October 26, 2011

I understand there’s a movie coming out about “who really wrote Shakespeare’s plays.”  I’m deeply torn, because on the one hand I can go see it for all the yummy handsome men in full Elizabethan clothing in renaissance London — so many of my favorite things in one package!  On the other hand, the “who really wrote Shakespeare’s plays” question makes me furious.  You want to know who I think wrote Shakespeare’s plays?  A middle-class dude from Stratford-upon-Avon named William Shakespeare.  There’s no actual, concrete evidence to suggest otherwise.  Nobody from Shakespeare’s own time questioned the authorship of his plays.  Other famous playwrights, like Ben Johnson, commented on Shakespeare’s writing without ever suggesting the plays and poems were written by someone else.

The “questions” of the authorship of Shakespeare’s plays didn’t begin until a couple of hundred years after his death, and they didn’t begin with any hard evidence.  They began with an assumption:  a non-aristocratic, middle-class dude from a provincial backwater couldn’t possibly have had the education and genius to write the most brilliant plays in the English language.  This is elitist, bigoted, condescending nonsense.  This stance ignores the fact that one of the trademarks of the renaissance was how the middle and merchant classes (of which Shakespeare’s family was a part) gained access to higher education, assumes that no one can ever be self-educated or that no genius can ever come from humble beginnings, and believes that only the elite are capable of making art.  Bad assumptions, all of them.

The best book I’ve read on the topic is Stephen Greenblatt’s Will in the World, which makes the argument that the plays could only have been written by a middle-class dude from a provincial backwater:  the well-rounded and sympathetic portrayal of lower-class characters and women, the kind of insider knowledge of noble circles that would have been gained by playing in an aristocratic-sponsored theater company for many years, odd gaps in knowledge (such as geography) that suggest the author didn’t have a thorough education, and so on.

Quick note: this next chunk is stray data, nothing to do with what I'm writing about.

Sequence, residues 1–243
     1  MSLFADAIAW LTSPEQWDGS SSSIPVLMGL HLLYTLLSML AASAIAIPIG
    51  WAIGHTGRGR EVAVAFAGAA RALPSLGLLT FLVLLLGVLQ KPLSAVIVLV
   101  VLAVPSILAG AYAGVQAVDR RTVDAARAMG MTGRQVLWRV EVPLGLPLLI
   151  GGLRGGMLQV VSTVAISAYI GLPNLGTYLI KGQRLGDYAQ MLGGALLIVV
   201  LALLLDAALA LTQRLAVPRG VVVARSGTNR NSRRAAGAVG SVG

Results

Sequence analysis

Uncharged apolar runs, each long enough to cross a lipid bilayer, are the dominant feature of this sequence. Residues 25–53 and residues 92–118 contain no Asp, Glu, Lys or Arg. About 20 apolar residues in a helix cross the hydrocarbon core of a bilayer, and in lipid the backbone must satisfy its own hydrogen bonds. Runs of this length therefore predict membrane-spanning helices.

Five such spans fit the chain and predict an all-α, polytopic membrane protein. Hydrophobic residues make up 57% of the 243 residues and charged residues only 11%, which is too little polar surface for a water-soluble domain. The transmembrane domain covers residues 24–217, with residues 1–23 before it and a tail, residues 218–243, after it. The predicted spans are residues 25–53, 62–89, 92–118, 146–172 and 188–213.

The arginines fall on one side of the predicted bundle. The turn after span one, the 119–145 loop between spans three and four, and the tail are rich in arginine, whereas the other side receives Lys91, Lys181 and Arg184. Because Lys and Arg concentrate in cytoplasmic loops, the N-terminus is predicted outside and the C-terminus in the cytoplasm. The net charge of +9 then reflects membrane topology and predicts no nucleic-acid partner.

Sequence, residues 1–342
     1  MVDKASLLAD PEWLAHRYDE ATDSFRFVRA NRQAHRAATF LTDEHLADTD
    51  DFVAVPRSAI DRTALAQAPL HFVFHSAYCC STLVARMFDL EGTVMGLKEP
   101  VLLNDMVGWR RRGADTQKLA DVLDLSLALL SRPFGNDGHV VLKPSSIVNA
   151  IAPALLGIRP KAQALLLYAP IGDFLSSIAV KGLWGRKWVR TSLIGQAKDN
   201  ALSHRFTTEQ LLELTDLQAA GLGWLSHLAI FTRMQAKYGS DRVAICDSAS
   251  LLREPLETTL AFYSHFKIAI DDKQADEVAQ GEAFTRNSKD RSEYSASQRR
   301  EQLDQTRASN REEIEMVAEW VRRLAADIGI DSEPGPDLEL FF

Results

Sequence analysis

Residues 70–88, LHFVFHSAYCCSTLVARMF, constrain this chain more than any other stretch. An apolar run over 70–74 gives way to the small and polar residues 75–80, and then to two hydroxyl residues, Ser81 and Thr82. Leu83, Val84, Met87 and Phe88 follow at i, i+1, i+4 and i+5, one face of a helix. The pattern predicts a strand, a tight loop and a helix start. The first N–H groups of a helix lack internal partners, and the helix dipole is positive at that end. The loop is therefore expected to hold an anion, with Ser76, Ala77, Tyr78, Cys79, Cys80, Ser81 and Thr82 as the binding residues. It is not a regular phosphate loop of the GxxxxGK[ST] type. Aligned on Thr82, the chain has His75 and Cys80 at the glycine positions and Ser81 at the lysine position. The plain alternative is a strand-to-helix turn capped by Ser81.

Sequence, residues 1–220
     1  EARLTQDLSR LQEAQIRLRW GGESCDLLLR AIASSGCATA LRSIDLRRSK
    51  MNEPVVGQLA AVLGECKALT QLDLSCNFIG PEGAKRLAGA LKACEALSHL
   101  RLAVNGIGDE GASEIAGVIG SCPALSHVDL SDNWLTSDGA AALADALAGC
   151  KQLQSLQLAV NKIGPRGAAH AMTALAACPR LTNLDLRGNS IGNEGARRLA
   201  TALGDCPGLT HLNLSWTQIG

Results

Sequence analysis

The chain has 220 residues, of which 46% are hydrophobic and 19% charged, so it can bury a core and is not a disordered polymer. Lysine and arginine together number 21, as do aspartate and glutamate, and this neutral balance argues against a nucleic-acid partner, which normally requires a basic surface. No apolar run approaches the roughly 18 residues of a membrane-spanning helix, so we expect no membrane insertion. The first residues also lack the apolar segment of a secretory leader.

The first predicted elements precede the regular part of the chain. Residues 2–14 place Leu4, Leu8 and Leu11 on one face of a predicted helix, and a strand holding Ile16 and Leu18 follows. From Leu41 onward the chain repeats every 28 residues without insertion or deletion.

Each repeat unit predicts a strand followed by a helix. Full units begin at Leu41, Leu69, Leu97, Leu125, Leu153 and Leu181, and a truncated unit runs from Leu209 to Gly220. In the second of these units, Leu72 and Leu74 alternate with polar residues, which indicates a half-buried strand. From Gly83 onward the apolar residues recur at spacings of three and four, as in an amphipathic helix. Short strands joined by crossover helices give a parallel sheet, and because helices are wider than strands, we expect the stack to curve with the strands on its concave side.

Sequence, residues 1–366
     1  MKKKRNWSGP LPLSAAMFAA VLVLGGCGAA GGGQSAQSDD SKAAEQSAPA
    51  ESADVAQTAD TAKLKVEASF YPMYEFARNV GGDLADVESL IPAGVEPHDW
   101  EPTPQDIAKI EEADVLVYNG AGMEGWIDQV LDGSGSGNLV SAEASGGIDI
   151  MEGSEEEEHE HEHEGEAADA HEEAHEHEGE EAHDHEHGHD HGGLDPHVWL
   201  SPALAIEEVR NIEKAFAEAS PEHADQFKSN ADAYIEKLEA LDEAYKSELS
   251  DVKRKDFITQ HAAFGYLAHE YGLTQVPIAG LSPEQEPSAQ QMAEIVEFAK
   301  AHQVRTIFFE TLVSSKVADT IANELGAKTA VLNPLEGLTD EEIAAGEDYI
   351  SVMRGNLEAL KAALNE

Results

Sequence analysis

I think I’ll have to skip this film.  It’ll make me angry.


21 Responses to “Shakespeare”

  1. This makes me so angry too! I feel like it’s just people’s fear and jealousy of that kind of genius. “If I’m not that smart, no one was ever that smart.” Why can’t people just admire genius without trying to tear it down? Grrr.

  2. Doruk Says:

    Sadly the blog has no ‘Like’ button.

  3. Wm Annis Says:

    Hear, hear!

    Unfortunately, the allure of stigmatized knowledge — to say nothing of “if I can irritate you so much I must be right” — renders people impervious to argument.

  4. wickedcoolflight reblogged this on wickedcoolflight and commented: Carrie’s view on the new Shakespeare movie, I must say I’m with her but I’ll check out the movie most likely, even if I’m not happy that they are being asses.

  5. sef Says:

    A friend suggested that Sony made this movie to affect search terms.

    It makes more sense than the premise of the movie…

  6. Nicholas Says:

    I’ve never been convinced by any of the various alternative candidates, I have to say. The case for Francis Bacon, for example, seems to balance rather precariously on a combination of unfounded speculation (he might have been a member of a secret cabal of disaffected quasi-republicans, of whom no other evidence survives), a few isolated fragments of text in one or two of the plays that could in principle have been written by him, and a couple of obscure anagrams. It just seems far more likely that, as you say, it was some middle-class merchant’s son from Warwickshire, because there’s a lot of actual concrete historical evidence that supports that hypothesis.

    The late Colonel Gaddafi once claimed (presumably as a joke) that all the plays and sonnets were actually written by a little-known Arabian playwright called Sheikh Speare. I remember seeing a letter in a newspaper which disputed this, instead (even less seriously) ascribing authorship to a Turkish nobleman called Bey Khan.

  7. Miss Bliss Says: